Feedgas demand for U.S. LNG exports has accelerated in recent months with the addition of new liquefaction and upstream pipeline capacity. The latest export facility contributing to the winter surge in feedgas flows is Cheniere Energy’s Corpus Christi LNG (CCL) in South Texas — the first greenfield LNG export terminal in the Lower 48 and the first such terminal, greenfield or otherwise, in Texas. Train 1 has yet to be commercialized, but already it’s added 0.5 Bcf/d of gas demand to the Texas market through December. The facility sources its gas via a number of legacy interstate and Texas intrastate pipelines, many of which have undergone reversals and expansions in order to serve LNG terminals but also another competing export market: Mexico. How will CCL change gas flows in South Texas? Today, we provide an update of feedgas flows to Corpus Christi, including a closer look at the upstream pipeline routes facilitating those flows.
This is Part 3 in our blog series examining recent changes in U.S. LNG export demand and the pipeline flows feeding it — a subject we cover comprehensively on a weekly basis in RBN’s LNG Voyager report (published each Tuesday morning). In Part 1 of the series, we started with the latest on Cheniere’s Sabine Pass Liquefaction terminal (SPL) in Cameron Parish, LA, where the start-up activities for Train 5, along with the full in-service of a new feedgas route via Kinder Morgan Louisiana Pipeline’s Sabine Pass Expansion project, have boosted feedgas flows to well over 3 Bcf/d in recent weeks. Then, in Part 2, we shifted our focus to Dominion’s Cove Point LNG export facility in Maryland, where the in-service of two pipeline expansions — Williams/Transco’s Atlantic Sunrise and TransCanada/Columbia Gas Group’s WB Xpress — has improved supply connectivity, with daily volumes consistently near or at capacity for the first time since the single-train facility began producing LNG.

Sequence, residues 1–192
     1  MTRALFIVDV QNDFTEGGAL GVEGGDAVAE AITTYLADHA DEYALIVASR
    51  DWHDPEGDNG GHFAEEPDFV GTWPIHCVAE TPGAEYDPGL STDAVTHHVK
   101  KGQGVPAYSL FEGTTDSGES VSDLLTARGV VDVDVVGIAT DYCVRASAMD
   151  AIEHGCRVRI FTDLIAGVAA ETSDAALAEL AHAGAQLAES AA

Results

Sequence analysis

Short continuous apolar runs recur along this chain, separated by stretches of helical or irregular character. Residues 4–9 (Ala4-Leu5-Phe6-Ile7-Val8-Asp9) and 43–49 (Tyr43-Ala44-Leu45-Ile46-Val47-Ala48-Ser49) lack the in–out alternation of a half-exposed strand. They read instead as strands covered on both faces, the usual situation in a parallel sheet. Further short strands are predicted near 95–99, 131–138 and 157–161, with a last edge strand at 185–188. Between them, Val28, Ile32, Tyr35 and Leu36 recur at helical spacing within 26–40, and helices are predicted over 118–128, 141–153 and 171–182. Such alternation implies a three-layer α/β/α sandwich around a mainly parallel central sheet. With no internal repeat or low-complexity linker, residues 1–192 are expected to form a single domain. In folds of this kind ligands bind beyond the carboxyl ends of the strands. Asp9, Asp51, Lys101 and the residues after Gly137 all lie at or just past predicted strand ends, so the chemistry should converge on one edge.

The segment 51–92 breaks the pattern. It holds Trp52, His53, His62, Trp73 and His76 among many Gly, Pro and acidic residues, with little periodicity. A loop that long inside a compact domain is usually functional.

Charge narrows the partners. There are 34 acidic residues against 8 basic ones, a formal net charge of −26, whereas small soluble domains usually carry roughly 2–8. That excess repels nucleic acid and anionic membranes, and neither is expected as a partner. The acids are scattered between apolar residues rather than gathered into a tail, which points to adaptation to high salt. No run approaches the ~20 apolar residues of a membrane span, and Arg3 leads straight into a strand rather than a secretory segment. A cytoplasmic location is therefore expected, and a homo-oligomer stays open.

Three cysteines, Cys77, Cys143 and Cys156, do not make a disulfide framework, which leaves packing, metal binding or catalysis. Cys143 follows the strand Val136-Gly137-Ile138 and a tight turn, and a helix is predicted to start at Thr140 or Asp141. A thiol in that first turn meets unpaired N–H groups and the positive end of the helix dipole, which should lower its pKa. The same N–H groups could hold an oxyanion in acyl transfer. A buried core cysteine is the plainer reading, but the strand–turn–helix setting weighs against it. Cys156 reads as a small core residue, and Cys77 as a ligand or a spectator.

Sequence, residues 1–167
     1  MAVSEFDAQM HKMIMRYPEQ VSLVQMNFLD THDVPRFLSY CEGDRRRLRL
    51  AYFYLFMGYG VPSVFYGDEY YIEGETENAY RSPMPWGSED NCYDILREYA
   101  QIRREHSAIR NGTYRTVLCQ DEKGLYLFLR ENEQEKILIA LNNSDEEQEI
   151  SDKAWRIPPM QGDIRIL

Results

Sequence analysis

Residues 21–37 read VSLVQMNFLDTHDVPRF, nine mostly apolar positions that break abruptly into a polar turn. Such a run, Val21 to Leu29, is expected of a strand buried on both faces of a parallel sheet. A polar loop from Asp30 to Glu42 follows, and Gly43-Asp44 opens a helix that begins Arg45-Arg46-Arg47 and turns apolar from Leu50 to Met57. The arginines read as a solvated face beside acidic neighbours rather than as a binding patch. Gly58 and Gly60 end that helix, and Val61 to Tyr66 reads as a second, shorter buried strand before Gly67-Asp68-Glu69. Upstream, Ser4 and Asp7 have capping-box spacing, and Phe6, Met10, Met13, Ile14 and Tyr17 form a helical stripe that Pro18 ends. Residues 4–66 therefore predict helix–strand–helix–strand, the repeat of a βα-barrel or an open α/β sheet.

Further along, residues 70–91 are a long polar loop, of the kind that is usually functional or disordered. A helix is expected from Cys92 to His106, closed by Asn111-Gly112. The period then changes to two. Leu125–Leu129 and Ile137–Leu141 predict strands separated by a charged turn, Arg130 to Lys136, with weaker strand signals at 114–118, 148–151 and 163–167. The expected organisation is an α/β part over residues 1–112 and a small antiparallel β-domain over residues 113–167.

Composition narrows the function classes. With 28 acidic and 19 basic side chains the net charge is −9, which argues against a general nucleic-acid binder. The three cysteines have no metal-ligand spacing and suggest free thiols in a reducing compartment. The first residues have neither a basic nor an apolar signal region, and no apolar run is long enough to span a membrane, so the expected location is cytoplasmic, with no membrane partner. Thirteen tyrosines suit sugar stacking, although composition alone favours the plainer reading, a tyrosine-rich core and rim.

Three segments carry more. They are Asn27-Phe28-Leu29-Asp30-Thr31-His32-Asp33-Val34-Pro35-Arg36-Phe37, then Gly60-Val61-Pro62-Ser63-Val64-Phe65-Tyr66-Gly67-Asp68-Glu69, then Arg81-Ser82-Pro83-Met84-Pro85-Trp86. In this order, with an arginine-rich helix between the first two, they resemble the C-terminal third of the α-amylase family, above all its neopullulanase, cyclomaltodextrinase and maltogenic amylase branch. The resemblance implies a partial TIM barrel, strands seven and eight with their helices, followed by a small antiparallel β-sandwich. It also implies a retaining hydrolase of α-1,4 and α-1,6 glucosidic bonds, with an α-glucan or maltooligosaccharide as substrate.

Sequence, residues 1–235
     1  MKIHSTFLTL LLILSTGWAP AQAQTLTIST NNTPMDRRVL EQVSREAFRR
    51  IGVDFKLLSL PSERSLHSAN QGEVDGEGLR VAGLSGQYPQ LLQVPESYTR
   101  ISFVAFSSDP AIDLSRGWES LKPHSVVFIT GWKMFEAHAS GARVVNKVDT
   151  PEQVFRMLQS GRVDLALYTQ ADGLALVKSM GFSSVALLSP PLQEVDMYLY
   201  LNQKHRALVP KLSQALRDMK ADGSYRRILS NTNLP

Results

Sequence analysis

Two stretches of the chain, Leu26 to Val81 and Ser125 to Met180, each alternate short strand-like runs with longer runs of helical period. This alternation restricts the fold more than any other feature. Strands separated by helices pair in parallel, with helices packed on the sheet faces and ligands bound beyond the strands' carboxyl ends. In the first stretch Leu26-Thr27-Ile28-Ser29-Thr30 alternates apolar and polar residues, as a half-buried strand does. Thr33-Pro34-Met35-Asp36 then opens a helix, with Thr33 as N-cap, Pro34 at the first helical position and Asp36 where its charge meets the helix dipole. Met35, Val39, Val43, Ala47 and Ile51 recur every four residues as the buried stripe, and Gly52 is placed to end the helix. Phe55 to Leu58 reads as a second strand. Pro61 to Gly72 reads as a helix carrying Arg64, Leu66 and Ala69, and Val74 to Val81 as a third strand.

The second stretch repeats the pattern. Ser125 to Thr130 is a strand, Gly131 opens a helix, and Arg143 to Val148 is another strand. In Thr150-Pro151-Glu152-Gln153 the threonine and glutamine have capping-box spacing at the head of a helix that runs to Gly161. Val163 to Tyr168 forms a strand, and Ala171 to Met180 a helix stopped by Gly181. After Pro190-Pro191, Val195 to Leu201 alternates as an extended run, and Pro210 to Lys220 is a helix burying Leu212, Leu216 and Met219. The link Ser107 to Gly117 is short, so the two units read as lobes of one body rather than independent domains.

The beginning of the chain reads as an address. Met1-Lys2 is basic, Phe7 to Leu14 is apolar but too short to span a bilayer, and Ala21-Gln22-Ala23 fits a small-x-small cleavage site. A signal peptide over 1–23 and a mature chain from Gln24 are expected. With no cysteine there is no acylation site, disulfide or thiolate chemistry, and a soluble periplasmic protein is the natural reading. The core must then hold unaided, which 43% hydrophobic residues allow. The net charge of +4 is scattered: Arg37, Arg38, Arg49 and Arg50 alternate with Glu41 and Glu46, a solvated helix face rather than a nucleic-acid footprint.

The uptick at these existing terminals coincided this fall with start-up activities for the two newest export facilities — Cheniere’s CCL and Sempra Energy’s Cameron LNG, which are both in the process of commissioning their initial trains. The latter of those has yet to see substantial feedgas flows, so we’ll come back to it in a later blog. For its part, CCL’s feedgas intake last month averaged close to 400 MMcf/d, or about 70% of full utilization. How is CCL being supplied now and how will that evolve? We’ll get to the pipeline infrastructure and feedgas flows in a bit, but first a quick overview of the facility.